Every so often, maybe half a dozen times a year, fans in the United States get a glimpse of what tennis would look like if it were a major TV sport in this country. Thursday was one of those rare evenings.

Everything, for once, came together. ESPN waived its usual slate of NFL-chatter shows and blocked the night off for two matches from the Miami Open. The Miami Open obliged by sending out the world's two No. 1 players, Novak Djokovic and Serena Williams, back to back. And then Novak and Serena delivered as only they can. The stars won’t align this way every night; in fact, it could be the high point of the tennis season from a U.S. television perspective. But it was nice to see our supposedly effete pastime show a team-sport audience how riveting—how athletic, how dramatic, even how raucous—tennis’ one-on-one combat can be to watch.

It helps, of course, to have the world’s best players involved in that combat. Djokovic and Serena have been No. 1 for the majority of the last four years, and there are similarities in the way they compete and perform, similarities they showed to different extents on Thursday. Each is prone to slow starts, and each has a history of last-second comebacks. Each, like the rest of us, has moments when the pressure of competition gets to be too much for them, when they look like they would rather be any place but on a tennis court, battling to beat the same player they’ve beaten a dozen times before. But each—and this is what elevates them above the rest of us—is expert at recovering from those moments almost immediately.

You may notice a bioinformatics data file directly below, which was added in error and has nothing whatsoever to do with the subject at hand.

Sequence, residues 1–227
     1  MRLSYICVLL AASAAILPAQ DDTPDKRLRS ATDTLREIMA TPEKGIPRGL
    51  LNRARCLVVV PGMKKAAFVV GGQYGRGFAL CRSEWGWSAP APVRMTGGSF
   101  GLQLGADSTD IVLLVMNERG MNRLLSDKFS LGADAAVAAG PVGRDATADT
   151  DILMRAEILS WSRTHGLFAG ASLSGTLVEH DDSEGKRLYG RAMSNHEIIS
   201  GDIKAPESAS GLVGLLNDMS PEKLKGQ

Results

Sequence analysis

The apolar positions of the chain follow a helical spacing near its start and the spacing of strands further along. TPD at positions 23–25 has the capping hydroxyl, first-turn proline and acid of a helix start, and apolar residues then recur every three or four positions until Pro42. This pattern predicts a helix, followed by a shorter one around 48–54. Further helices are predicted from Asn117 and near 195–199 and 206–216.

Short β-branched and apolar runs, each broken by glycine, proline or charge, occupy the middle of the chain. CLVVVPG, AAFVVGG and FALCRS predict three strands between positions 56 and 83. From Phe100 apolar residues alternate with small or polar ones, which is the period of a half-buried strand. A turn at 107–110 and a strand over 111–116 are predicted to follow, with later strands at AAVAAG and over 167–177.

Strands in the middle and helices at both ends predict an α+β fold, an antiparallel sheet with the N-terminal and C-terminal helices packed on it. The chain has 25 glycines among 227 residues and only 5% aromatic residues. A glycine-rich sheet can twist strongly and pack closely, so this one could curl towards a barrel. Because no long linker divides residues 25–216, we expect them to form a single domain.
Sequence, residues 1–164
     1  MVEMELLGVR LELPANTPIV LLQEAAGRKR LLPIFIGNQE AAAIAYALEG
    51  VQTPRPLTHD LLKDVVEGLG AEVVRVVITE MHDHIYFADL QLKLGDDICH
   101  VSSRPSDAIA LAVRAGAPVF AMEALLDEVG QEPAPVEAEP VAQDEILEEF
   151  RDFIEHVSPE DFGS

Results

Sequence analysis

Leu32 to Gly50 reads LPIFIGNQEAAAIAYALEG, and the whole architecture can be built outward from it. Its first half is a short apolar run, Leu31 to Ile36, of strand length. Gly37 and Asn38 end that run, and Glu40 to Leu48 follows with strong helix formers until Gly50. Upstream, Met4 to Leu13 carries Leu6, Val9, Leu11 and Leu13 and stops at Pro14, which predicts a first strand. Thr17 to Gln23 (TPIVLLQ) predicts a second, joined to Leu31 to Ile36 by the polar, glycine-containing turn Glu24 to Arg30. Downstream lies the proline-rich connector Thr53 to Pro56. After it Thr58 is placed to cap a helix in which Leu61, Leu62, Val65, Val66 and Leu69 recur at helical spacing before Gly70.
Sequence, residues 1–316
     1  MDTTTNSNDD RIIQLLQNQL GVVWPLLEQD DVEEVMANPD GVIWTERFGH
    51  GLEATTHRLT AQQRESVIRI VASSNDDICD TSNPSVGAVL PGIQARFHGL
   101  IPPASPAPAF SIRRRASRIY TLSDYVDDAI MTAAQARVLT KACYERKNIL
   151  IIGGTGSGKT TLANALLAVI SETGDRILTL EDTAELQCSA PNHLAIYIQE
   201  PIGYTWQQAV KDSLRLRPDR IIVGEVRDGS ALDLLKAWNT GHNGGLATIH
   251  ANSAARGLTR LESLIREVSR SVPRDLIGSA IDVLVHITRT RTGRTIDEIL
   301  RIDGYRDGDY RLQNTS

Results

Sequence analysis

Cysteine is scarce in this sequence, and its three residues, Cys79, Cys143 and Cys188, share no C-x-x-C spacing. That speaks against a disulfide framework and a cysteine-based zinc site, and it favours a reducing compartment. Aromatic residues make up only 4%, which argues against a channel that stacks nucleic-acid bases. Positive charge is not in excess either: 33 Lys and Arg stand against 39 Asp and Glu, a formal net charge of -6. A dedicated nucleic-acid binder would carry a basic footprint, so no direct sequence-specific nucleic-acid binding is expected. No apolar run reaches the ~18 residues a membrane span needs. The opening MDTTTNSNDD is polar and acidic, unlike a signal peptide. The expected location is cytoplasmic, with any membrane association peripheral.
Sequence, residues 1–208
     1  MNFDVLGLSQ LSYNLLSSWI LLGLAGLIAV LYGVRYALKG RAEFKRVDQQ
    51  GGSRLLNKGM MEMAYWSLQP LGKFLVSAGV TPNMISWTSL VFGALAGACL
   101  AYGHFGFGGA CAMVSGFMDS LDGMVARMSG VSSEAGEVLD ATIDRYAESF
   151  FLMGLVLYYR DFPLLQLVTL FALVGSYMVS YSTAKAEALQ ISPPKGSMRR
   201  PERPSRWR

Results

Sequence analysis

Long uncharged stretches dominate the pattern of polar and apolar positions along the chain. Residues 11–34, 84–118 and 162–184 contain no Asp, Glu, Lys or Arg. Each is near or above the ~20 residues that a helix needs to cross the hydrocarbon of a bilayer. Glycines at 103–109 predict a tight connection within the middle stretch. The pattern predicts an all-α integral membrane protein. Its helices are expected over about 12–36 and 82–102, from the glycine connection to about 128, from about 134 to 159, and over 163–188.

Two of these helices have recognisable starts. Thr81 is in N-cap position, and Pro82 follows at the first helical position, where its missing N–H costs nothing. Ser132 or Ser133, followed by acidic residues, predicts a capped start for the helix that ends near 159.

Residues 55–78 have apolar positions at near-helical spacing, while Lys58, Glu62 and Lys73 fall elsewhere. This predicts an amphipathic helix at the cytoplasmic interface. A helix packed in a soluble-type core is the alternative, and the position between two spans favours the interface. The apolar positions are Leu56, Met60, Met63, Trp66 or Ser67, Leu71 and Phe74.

Novak and Serena each show you how they feel. They scream at their teams, laugh ruefully at blown opportunities, smash their racquets to smithereens as they walk to the sidelines after losing a set. And then, a few seconds later, each will calm back down as if it never happened, and kill you. Each, in short, can make pretty much any match interesting; or, if you happen to be one of their fans, excruciating.


Back to Back With the Best

Back to Back With the Best

Last night in Miami, Djokovic and Serena shared one other trait: They wanted a little more love and appreciation from the crowd. The Latin-tinged Crandon Park audience was happy to cheer for Djokovic’s opponent, Spain’s David Ferrer, when he got off to a flying 4-1 start. The Little Beast’s underdog heart and grit had them on their feet. When Djokovic made his inevitable way back into the set, and showed more than a little grit himself, he threw his hands in the air and demanded the same reaction.

Later, Ferrer’s fans were replaced by a boisterous Romanian rooting contingent who spent two solid hours cheering and chanting and roaring for Serena’s opponent, Simona Halep. By late in the second set, Serena had had enough. After one winner, she made the same, “You better get up!” gesture that Djokovic had made to the crowd. You could almost hear her asking, “What country am I in?”

When the evening’s drama was over, Djokovic and Serena, as they tend to do, found a way to beat back their opponents and their fans. And they did it in the same circular, anxious, but ultimately convincing fashion that has always defined their competitive styles.

Djokovic served for the match at 5-4 in the second set and couldn’t close. But that nervous hiccup only seemed to liberate him, as he bounced back to play two of his best and freest games of the night to win 7-5, 7-5.